Portuguese man o' war

Physalia physalis


The Portuguese man o' war, also called the man-of-war, bluebottle, or floating terror, is a siphonophore that grows from 3.5-12in. It is translucent, and is tinged blue, purple, or pink. Depending on the person or how much venom a human takes in from being stung the man-of-war is essentially non lethal but it can also cause serious effects in rare cases such as, fever, shock, and interference with the heart. Detached tentacles or dead organisms can remain potent for hours or even days after they wash up on shore. The sting leaves welts that look like red veins and will disappear in 2-3 days.


The Portuguese man o' war lives at the surface of the ocean. The gas-filled bladder, remains at the surface, while the tentacles are floating underwater. Since the man-of-war has no means of self movement, it is moved by a combination of winds, currents, and tides. It is most commonly found in the open ocean in tropical and subtropical regions. Strong winds may drive them into bays or onto beaches. Most times the finding of a single man-of-war results in the finding of many others in the vicinity. The discovery of a man o' war washed up on a beach may lead to the closure of the whole beach.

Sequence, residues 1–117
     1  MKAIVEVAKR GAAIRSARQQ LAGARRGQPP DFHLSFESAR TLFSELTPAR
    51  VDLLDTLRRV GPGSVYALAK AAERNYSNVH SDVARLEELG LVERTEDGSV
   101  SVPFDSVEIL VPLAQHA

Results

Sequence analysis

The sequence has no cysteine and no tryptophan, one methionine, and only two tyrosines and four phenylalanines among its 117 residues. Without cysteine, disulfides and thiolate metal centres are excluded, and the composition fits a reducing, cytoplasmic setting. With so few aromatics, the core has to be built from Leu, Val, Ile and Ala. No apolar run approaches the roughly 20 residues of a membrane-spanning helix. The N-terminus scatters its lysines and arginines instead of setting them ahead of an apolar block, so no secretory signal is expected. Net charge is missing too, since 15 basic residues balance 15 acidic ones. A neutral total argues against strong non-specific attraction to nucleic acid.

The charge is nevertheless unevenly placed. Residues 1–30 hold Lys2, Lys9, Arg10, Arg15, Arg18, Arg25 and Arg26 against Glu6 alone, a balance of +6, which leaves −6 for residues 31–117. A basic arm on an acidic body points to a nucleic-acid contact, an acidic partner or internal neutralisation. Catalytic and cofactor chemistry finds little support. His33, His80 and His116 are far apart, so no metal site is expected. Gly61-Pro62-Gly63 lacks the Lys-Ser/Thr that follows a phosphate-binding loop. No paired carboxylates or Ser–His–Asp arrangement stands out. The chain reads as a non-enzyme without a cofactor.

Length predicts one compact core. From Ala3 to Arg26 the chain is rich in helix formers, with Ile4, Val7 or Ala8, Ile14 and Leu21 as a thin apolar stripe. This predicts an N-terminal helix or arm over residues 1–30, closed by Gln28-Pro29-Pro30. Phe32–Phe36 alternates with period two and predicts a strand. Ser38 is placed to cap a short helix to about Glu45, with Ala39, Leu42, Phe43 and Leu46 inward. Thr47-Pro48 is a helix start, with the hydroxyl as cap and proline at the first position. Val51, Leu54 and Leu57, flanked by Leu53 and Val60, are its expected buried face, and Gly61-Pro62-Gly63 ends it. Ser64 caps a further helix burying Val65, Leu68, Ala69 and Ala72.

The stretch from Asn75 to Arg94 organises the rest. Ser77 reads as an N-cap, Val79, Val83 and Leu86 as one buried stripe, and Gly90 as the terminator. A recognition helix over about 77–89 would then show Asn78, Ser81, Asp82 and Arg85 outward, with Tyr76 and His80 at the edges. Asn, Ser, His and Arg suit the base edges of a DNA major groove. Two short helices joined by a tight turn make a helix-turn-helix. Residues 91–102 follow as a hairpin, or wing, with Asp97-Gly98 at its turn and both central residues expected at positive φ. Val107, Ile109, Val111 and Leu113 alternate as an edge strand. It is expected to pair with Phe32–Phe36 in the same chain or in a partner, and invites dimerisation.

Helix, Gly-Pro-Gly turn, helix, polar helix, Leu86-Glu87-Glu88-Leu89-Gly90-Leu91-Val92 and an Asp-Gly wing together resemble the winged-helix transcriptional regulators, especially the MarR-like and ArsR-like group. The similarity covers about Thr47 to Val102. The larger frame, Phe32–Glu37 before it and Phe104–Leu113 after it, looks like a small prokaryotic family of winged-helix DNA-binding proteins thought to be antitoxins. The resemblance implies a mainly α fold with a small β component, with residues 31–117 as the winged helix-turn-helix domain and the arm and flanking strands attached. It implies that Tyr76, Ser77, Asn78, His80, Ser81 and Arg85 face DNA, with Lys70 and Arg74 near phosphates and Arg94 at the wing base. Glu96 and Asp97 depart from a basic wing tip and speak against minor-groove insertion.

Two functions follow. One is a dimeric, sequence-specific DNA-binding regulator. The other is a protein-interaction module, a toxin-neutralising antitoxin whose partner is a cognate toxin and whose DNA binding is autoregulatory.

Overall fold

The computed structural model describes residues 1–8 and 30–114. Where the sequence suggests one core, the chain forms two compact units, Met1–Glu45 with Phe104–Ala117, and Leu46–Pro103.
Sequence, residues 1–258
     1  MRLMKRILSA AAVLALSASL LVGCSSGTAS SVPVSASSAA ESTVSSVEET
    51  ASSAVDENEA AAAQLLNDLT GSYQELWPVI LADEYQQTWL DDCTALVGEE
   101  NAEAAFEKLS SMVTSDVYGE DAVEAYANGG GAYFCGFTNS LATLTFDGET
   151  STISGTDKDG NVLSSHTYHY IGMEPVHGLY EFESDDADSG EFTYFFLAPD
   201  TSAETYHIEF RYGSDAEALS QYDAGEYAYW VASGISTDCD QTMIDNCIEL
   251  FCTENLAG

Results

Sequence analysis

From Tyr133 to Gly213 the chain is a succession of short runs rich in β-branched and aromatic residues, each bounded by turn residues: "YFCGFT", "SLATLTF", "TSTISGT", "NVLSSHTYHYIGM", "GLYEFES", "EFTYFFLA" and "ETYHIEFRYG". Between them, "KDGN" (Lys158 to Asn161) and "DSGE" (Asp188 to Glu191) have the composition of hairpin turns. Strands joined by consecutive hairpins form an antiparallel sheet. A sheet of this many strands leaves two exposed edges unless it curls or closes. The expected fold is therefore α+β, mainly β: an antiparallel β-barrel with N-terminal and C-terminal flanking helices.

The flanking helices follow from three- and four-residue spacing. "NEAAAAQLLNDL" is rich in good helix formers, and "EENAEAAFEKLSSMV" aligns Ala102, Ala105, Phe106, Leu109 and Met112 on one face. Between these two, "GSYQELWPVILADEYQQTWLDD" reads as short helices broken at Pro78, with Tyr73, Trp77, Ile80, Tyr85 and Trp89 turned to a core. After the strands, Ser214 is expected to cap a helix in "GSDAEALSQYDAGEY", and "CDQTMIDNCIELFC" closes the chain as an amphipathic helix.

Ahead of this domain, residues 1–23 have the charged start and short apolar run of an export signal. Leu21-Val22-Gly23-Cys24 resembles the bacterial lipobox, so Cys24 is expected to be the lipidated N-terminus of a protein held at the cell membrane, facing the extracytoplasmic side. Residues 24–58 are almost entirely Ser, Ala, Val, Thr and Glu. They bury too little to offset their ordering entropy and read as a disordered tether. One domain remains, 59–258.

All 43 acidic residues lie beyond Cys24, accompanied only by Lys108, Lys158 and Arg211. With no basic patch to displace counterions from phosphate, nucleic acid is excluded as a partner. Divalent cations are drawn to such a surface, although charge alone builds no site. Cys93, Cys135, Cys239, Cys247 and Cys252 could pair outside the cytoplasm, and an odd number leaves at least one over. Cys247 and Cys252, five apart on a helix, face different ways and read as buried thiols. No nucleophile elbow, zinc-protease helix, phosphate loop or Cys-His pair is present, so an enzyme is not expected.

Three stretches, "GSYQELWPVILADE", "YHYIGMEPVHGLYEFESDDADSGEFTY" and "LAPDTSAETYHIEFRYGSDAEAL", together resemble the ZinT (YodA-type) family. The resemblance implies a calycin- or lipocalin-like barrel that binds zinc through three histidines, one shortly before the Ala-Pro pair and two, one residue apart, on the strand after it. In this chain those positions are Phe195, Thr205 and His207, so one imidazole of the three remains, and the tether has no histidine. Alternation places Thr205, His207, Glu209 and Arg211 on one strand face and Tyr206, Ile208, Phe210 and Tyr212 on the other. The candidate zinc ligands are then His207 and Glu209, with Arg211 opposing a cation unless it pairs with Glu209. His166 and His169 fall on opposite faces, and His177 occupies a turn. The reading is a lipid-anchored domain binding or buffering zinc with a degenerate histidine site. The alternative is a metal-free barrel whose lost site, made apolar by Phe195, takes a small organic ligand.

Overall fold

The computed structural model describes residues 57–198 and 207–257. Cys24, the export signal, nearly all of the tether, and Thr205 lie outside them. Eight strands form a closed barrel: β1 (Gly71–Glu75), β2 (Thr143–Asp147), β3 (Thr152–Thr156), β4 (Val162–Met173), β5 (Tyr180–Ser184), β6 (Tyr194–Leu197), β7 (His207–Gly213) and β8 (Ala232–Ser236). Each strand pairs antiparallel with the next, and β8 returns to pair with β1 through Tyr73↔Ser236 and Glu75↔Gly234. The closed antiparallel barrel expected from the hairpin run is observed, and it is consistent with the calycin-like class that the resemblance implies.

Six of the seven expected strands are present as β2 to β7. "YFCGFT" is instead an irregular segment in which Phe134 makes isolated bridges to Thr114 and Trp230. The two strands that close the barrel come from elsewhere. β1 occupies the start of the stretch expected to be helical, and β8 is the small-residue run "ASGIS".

The Portuguese man o' war is a carnivore and uses its venomous tentacles to trap and paralyze its prey. It typically feeds on small marine organisms, such as fish and plankton.